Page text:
Puigdemont turns himself in to Belgian police

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Puigdemont turns himself in to Belgian police
Dismissed Catalonian leader Carles Puigdemont shown in Brussels on October 31. PHOTO: NICOLAS MAETERLINCK / AFP

Catalonia's sacked separatist leader Carles Puigdemont and four of his former ministers turned themselves in to Belgian police on Sunday after Spain issued a warrant for their arrest.


The five, who face accusations of rebellion and sedition in Spain, are due to appear later Sunday before a judge who will decide within 24 hours whether to detain or release them.
It is the latest dramatic development in the crisis unleashed by the Catalan separatists' push for independence from Spain that sent shock waves across Europe.
Puigdemont and his allies fled to Belgium last Monday after Spain sacked the Catalan executive and imposed direct rule on Madrid following the regional parliament's declaration of independence last month.
"They were deprived of their liberty at 9.17 am (0817 GMT)," the Belgian prosecutor's office said.
"We were in regular contact with the lawyers of the five people and they agreed to turn up at the police station," prosecution spokesman Gilles Dejemeppe said. "They honoured that commitment."
Only the five, their lawyer and an interpreter will be present at Sunday's hearing.
Spain issued a warrant for their arrest on Friday after they failed to appear before a judge on claims of sedition, rebellion and misuse of public funds over the move to declare Catalonia an independent republic.
The judge in Madrid had on Thursday put Puigdemont's deputy and seven other deposed regional ministers behind bars because of a risk that they would flee.
Guarantees of fair trial
Puigdemont, 54, who insists that Catalonia earned the right to declare independence following a disputed referendum last month, had said Friday that he was willing to cooperate with Belgian authorities. But he said he was not convinced by guarantees of a fair trial back home, denouncing the "enormous pressure and political influence on judicial power in Spain".
The ousted Catalan leader, who still describes himself as "president," has also said he is willing to run as a candidate in Catalonia's December 21 snap election, which was organised after Madrid fired the region's government over the independence declaration.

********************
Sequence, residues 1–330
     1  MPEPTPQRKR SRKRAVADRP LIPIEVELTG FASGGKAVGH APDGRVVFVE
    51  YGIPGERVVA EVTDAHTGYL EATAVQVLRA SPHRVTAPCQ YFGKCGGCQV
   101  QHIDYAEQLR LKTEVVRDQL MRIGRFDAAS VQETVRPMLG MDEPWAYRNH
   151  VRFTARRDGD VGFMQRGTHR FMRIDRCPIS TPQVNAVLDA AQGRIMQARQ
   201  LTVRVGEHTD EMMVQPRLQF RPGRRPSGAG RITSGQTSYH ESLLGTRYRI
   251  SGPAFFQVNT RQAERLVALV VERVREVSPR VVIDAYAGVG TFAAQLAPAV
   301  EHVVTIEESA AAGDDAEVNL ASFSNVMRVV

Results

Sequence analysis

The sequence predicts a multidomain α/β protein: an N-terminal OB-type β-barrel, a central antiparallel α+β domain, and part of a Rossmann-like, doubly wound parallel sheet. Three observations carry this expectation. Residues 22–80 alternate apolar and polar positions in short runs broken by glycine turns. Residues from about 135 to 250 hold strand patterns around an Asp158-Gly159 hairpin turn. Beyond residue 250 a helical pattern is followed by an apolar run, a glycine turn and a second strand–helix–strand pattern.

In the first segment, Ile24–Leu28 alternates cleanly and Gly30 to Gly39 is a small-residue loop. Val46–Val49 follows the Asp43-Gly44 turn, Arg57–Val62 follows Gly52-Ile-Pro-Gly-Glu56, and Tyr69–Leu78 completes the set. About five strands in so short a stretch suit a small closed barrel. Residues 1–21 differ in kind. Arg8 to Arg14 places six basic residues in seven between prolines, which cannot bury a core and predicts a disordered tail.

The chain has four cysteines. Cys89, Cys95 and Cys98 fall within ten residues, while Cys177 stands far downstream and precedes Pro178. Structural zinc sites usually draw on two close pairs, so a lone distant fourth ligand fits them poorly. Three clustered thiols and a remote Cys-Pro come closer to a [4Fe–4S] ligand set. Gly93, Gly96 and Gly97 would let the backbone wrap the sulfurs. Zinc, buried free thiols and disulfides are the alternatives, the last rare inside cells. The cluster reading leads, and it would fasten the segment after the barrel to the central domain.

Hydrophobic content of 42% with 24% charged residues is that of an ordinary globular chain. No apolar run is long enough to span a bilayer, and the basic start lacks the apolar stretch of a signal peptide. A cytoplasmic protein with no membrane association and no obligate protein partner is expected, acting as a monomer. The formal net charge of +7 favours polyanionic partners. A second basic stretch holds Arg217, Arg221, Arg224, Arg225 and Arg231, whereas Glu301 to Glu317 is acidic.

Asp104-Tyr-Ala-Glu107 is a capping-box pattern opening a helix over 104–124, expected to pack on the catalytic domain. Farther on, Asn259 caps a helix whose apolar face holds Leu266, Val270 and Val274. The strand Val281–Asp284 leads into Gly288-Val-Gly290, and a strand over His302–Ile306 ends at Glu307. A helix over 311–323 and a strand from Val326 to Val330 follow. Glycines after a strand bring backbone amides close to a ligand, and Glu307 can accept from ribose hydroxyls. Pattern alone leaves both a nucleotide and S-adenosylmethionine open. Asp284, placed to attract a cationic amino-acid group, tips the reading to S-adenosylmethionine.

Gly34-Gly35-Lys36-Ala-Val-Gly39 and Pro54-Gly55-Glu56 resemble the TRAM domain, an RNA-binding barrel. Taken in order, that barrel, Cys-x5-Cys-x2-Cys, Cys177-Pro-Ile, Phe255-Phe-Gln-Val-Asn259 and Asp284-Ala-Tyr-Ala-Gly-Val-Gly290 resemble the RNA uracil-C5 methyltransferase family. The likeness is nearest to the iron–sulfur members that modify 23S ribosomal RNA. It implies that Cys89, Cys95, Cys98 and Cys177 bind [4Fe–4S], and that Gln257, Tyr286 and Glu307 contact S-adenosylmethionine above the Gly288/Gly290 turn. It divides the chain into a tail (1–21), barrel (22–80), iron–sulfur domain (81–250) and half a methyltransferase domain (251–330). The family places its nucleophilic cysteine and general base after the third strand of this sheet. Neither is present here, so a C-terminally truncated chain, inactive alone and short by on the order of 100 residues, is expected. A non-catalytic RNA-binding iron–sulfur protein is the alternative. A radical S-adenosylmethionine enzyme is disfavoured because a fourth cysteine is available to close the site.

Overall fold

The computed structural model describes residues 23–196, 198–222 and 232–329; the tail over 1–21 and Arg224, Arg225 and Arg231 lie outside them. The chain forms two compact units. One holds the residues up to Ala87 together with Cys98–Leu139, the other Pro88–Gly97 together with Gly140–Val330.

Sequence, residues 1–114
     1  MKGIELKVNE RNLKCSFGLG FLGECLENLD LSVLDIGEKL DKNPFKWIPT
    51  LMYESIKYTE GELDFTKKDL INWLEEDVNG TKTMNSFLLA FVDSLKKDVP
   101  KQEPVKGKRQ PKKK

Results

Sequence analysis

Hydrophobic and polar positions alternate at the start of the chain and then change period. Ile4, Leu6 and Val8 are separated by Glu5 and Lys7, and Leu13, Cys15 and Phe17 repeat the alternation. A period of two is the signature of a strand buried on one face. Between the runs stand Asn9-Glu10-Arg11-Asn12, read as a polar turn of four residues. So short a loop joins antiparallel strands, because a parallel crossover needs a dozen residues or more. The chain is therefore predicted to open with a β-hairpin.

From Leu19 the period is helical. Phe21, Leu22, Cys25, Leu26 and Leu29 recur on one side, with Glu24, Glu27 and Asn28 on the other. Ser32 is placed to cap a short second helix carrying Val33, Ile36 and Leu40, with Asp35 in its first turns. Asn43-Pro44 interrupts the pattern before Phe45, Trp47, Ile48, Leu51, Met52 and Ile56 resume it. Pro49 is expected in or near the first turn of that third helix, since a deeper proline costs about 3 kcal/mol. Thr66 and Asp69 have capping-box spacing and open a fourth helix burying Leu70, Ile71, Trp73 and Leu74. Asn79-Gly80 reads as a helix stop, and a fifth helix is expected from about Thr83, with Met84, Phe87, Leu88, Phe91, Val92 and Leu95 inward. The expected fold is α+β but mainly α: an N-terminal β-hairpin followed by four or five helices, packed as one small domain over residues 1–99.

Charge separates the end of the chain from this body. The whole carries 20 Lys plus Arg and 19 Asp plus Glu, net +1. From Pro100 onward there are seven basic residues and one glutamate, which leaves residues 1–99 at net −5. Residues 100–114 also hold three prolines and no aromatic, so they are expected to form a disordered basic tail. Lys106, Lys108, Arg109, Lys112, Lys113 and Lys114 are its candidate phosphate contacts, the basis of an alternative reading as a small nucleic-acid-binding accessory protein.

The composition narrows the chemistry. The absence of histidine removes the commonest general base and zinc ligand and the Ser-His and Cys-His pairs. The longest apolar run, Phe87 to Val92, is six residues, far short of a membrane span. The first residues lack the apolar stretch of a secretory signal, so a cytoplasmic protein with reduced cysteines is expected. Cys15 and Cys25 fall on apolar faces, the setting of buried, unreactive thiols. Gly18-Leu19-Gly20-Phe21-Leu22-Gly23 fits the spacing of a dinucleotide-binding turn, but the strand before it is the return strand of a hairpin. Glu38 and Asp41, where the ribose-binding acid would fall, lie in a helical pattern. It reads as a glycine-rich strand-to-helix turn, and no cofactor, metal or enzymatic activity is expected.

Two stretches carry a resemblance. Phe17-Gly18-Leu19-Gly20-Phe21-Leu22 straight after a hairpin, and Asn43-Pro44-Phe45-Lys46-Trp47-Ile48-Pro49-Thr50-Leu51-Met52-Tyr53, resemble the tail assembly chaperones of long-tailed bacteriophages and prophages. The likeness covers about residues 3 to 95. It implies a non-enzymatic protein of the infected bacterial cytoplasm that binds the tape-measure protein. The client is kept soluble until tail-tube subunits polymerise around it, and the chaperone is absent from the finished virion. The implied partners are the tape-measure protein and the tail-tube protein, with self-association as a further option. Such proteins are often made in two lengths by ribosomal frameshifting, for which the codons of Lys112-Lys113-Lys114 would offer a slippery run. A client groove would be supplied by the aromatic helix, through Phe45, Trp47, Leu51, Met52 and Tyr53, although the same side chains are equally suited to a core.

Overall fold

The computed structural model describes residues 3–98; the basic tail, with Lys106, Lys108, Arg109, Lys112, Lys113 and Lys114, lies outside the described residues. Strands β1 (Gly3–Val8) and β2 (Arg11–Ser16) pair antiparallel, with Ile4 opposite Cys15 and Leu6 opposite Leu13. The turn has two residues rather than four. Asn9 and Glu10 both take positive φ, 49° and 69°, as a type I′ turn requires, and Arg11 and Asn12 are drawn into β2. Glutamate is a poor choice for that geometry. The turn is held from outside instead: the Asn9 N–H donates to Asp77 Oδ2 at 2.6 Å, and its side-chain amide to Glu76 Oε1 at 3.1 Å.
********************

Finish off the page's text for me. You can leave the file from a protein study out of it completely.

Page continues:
"We want president Puigdemont to be the person who leads the big offensive we will carry out on the 21st at the polls," said Marta Pascal, spokeswoman for his PDeCAT party.
She said the conservative, pro-independence party was looking to put together a "big united list," a day after Puigdemont himself called for separatists to unite in the election.
During the last regional election in September 2015, Puigdemont's PDeCAT and the leftwing ERC party stood together in a "Together for Yes" coalition. With the help of the separatist, far-left CUP party, they held an absolute majority in the Catalan parliament, which has since been dissolved after it declared independence last month.
But there have been growing tensions between the two allies over strategy and it is not clear if they will stand together again.
ERC leader Oriol Junqueras has been in custody since Thursday along with other members of Puigdemont's dismissed government who did not flee to Belgium over their role in the independence drive.
Opinion polls published in several newspapers Sunday indicated that the ERC would come first in the December election, but that the independence coalition as a whole could lose its absolute majority.
Puigdemont's party, meanwhile, would come fourth, the surveys suggest.


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